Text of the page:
Striking a balance

So variety is more or less handled... but what about balance? In 4E, making multiple attacks is inherently superior to any other mechanic for extra damage, and this has made Twin Strike (and the few comparable attacks, like Hellish Rebuke) the best offensive strategy, barring some convolute optimizations. What is to prevent Dual Weapon Attack from similarly topping the at-will damage charts? The answer is: not much, but there are other drawbacks.

Going by my initial calculations, the scout may well be the strongest build in the game for raw at-will damage output, at least at lower levels (since there is little point in evaluating anything beyond that with so many higher level features missing). That doesn’t necessarily mean it will blow up the world, as the class has significant limitations that can make up for it. The most obvious one is lack of dailies and proper encounters, which actually demands that a class has above-average at-will performance to be able to stand to classic builds.

To understand how this balances out (or not), we should take a look at its mechanics in detail. Scouts use main hand weapons and regular-sized off-hands (unless double weapons are involved), and depending on build and off-hand weapon choice can get a +1 to hit rolls (if they use a light blade) or a +2 to damage (if they wield an axe). The initial attack is a melee basic (which can apply your Dexterity modifier if you wish) plus whatever modifiers get added by the active Aspect, and the off-hand one is non-basic, Dex-based, and only happens once per turn, after hitting with the basic. Notably, both attacks get to add an ability modifier to damage, so compared to the original Twin Strike, each individual attack hits much harder, but the off-hand has a significant chance of not triggering, that gets higher the worse your hit rate is. It should also be mentioned that scouts have no Hunter’s Quarry, which didn’t make a huge percentage of Twin Strike’s damage, but contributed nonetheless. Overall, the relationship between Twin Strike and Dual Weapon Attack is a complex one, favoring the former in scenarios with high damage bonuses or low hit rates, and the latter otherwise. That said, for low level characters fighting standard monsters, the Scout outdamages a Ranger with at-will attacks by a good margin.

More importantly, scouts also appear to beat other Essentials martial classes (also lacking dailies and sporting strong at-wills) at their game. Examining a number of heroic character samples, the scout would be the best at at-will damage, with thieves close behind and slayers lagging slightly below that. The difference is likely to increase at higher tiers, though it is quite hard to tell how much, without seeing more features. On the other hand, that only tells half the story. Both thieves and slayers will get more mileage out of their encounter attacks than a scout (even if Power Strike is the same for fighters and thieves, a slayer’s will hit harder thanks to the two-handed weapon), and a slayer’s action point is far more impressive (as neither Sneak Attack or Dual Weapon Attack can trigger more than once per turn). High reliance on hit rates also means that scouts will be worse off against higher level monsters or soldiers - and, on the other hand, they get to slaughter brutes and lesser foes. Interaction with leaders is also interesting - DWA not working in other characters’ turns means that a scout isn’t a good target for leader extra attacks (unlike slayers and thieves, which are awesome in that department). On the other hand, offensive bonuses are great for them. Looking at other factors, scouts get great AC and mobility, but their opportunity attacks are mediocre, they are only decent with ranged weapons, and they lack the HP and surges of a slayer.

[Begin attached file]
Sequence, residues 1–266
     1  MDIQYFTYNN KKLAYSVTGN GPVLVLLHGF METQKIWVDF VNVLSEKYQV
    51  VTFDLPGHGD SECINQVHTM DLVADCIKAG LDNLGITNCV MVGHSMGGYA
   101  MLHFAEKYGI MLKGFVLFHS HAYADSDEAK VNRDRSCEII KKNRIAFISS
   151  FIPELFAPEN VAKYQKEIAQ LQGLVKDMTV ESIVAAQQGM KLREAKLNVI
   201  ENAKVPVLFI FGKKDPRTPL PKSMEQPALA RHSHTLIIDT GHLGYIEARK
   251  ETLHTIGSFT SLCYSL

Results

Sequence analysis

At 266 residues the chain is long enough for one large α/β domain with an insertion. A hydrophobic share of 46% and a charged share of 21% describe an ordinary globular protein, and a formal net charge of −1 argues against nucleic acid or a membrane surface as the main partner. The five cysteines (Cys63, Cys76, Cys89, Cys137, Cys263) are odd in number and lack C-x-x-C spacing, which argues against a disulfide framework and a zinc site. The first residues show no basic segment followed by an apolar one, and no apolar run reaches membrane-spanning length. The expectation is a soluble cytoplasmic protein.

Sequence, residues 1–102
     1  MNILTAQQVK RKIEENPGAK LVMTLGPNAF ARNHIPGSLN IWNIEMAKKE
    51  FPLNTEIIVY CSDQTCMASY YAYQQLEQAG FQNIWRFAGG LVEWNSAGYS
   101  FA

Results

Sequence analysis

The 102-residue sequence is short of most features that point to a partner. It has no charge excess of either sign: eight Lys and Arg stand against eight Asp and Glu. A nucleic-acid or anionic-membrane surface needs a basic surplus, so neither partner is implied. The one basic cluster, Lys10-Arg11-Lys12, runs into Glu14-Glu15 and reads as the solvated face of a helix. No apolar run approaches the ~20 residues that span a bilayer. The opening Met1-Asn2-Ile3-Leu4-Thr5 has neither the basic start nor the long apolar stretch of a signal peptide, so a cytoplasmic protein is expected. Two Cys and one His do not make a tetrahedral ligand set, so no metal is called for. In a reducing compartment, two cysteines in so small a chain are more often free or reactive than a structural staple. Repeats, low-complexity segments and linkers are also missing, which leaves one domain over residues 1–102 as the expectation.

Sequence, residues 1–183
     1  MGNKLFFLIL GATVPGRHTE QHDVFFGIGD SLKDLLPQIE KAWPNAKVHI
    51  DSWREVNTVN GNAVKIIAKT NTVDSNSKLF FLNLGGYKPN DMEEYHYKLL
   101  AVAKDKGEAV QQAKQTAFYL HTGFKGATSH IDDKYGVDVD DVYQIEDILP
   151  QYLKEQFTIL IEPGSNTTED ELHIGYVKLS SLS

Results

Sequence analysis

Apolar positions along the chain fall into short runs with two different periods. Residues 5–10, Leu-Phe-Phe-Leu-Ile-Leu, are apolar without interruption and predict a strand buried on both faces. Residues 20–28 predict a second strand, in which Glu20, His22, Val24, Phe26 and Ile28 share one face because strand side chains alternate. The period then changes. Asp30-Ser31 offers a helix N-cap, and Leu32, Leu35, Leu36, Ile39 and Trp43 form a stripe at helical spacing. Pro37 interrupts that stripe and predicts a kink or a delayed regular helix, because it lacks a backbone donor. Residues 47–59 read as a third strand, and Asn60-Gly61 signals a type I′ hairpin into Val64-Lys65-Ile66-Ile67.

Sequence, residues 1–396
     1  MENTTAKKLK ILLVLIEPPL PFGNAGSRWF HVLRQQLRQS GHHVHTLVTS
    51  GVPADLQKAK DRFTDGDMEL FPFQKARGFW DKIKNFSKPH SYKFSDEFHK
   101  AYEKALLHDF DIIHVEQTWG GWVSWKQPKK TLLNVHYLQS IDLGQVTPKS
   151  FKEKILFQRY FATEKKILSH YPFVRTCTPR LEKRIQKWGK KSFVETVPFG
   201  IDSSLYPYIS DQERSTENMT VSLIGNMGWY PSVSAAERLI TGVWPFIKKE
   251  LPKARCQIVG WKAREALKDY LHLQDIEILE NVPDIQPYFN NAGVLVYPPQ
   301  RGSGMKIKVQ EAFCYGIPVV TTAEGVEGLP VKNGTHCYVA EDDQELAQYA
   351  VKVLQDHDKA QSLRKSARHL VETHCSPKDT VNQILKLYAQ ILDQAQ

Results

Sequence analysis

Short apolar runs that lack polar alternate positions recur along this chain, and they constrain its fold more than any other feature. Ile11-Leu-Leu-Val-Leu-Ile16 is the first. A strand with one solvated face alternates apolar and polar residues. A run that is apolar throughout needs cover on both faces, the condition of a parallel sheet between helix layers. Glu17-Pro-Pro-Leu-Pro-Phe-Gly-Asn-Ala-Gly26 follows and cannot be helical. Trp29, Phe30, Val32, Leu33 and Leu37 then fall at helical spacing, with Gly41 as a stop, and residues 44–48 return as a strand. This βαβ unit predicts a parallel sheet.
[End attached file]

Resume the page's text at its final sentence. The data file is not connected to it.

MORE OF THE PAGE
Conclusion

At heroic tier, and from what we have seen, the scout is a very strong character, but not to the point of overshadowing other classes or breaking encounters. I would really like to see it remaining the same over the paragon and epic tiers, but the chances are slim. On the other hand, it will still be as enjoyable to play as other Essentials martial characters, which is more than can be said about the original ranger. I’ll cross my fingers and hope it turns out all right.


6 comments:

  1. According to the article Wisdom is their secondary, but how does it matter?

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  2. Given that we know the major features, and they have nothing to do with Wis, my guess is that it won't matter all that much. If it's anything like the knight or the rogue, it will have one or two stances that key off Wis, and probably a random feature in the dedicated paragon path. But you'll probably be able to ignore it without missing anything important.

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  3. I'm still confused about why Twin-Strike is better than encounter powers... Twin-Strike does 1[W]+ 1[W] (assuming two hits), most of my ranger encounter powers do 1[W]+Stat + 1[W]+Stat. Since he's a ranged build that "+Stat" is +Dex mod, which is +6 (twice).